I lay naked on the plastic, waiting for the massive woman to return, my mind churning outlandish scenarios. Here I was, at the Dead Sea in Israel, no clothes, in a tiny room within a maize, waiting for someone I couldn’t talk to, someone whose giant hands were about to cover me, maybe smother me in mud from the Killer Sea and I was voluntarily paying an incredible sum of money for this supposed pleasurable experience. Egads!

The door opened and my fate rolled in. A caldron on wheels, bubbling with hot, grayish mud loomed closer. Sensing her victim’s panic, the mud expert went to work. She piled mounds of bubbling, gurgling, mineral salt laden, heavy gunk on my stomach and started spreading it- everywhere, every nook, cranny, pore, orifice, opening and appendage. She cemented my hands and feet to make sure fingers and toes had no movement. “It’s therapeutic. Cleopatra loved it. People would die for this experience,” I silently shouted to my brain waves; they responded that perhaps people had, died that is.

The initial torture completed, the giant woman wrapped the plastic around my body, tight, encasing me mummy style, sealing the therapeutic scalding, brackish stuff inside.  Hidden under the plastic, the final blow, a heavy thermal blanket waited to close the hatch. “Don’t sit up,” my soothing masseuse barked, using the other 3 English words in her repertoire. She lit some candles, turned on a CD of dream music and swooshed from the room, leaving me with fears of suffocation from the mud’s choking sulfur smell and heat steaming within the double wrap.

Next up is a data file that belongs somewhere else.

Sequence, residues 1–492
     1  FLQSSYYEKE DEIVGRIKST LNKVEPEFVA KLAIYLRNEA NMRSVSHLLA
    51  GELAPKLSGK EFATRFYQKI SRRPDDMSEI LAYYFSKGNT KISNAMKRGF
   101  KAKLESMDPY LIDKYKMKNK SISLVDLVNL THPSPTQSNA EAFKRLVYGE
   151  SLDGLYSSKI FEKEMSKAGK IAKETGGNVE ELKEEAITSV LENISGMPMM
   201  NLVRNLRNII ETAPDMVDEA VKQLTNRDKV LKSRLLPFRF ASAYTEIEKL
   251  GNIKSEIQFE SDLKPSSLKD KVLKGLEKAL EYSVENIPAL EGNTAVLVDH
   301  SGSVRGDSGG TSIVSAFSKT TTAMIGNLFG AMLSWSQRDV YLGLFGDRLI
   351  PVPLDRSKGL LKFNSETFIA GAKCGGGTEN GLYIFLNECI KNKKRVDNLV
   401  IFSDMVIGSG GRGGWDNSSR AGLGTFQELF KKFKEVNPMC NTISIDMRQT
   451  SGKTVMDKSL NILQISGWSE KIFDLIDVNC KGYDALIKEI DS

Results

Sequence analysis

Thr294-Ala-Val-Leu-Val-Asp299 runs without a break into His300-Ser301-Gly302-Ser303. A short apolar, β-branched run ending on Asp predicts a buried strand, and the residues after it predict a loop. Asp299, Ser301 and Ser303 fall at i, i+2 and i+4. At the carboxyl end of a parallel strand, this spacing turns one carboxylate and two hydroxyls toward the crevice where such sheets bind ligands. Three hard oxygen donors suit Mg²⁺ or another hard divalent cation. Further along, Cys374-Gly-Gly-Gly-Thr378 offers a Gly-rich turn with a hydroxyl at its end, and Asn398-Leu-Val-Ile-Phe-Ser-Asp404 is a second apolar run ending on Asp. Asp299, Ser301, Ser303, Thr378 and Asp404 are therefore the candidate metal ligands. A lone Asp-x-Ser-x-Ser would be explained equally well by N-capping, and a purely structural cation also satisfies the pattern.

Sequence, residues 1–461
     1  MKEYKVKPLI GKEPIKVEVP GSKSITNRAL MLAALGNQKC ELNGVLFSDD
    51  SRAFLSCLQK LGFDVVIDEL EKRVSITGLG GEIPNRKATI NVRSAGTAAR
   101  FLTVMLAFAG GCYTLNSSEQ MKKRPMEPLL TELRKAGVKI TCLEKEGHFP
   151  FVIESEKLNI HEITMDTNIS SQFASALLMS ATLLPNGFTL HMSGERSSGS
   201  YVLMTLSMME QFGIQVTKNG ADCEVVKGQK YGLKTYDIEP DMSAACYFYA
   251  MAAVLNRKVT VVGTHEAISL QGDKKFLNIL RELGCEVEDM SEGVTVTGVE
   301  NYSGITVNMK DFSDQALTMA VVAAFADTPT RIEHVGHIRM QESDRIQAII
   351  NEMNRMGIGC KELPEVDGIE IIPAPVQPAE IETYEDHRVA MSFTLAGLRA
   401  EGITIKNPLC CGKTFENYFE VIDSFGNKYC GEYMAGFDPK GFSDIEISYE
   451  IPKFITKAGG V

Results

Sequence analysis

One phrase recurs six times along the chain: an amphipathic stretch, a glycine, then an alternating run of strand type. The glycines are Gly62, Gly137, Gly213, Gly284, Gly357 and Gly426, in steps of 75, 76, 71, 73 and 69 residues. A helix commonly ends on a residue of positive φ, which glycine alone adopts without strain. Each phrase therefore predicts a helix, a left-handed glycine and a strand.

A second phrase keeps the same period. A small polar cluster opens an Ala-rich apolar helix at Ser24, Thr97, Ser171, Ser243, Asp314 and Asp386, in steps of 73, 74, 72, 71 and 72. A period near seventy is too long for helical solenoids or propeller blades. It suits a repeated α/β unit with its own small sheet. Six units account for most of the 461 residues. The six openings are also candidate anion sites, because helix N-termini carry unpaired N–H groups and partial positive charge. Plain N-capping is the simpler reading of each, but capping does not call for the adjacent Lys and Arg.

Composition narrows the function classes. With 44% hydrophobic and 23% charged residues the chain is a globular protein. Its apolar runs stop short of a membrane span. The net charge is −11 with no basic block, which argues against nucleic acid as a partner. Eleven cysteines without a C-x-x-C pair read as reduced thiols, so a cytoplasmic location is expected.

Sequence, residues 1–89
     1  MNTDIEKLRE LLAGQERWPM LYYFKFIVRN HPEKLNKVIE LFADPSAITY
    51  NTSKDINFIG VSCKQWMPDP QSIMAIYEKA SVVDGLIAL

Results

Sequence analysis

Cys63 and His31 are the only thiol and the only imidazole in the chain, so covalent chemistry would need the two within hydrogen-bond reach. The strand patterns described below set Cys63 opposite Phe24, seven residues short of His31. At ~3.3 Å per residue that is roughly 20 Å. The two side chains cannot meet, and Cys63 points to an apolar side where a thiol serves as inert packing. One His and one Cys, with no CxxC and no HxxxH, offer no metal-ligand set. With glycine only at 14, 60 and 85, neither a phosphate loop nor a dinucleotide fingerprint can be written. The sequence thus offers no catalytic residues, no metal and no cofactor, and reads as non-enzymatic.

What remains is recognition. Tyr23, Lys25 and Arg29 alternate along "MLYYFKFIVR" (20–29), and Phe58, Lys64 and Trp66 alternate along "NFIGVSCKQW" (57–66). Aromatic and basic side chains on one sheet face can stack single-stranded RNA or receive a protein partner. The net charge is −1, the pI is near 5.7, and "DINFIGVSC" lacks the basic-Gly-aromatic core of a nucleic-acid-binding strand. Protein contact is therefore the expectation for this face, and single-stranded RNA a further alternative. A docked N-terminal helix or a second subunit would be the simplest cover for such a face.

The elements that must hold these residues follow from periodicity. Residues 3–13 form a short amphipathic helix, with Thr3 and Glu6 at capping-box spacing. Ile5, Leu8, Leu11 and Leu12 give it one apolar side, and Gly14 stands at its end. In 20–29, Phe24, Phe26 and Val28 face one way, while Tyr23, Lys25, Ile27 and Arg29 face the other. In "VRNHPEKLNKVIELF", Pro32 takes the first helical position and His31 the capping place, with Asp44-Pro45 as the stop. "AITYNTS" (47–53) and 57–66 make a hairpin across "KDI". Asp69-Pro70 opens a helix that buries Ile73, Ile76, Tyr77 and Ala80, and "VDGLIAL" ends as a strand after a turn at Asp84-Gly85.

My last thought before succumbing to this experience was, ‘now I know how it feels to be buried alive’, realizing I never wanted to know that. I gave in and drifted into a semi-dreamland, semi-conscious state. I tried to register what I was thinking. It seemed so important to be able to report how my mind processed this collapse, but I can’t recall a thing. I just remember submitting to an external control.

The door opened. Helga intruded. “No not yet, don’t interrupt my dream sleep. Please, I’m in the middle of a shut-down,” I begged. But my words fell on non-English ears. My allotted time in the cocoon had elapsed. The lights flicked on, candles snuffed, music stopped, blanket removed, plastic unfurled, nakedness exposed.

More plastic covered the floor. The woman, in her robotic moves of mud wraps, turned on the shower, directed me to slide from the table and shed the mud caked layer from my body. I slipped, mud squishing between my toes as I slithered to the shower, still in a semi-trance. I stood under the warm pelting water, feeling cleansed, as toxins poured down the drain. Cleopatra, I will never doubt you again.

Miss Beehive gathered the piles of mud soaked memories and refitted the table with fresh sheets of mummy cloth for the next Mud Wrap victim; a repetitious slathering of hot minerals on a flabby patron, who hoped for beauty and health miracles. I wondered if this woman had ever experienced Dead Sea mud and mind control. She should.

Miraculously, this Dead Sea muck made me feel alive and instead of being at the lowest point on Earth, I felt on top of the world.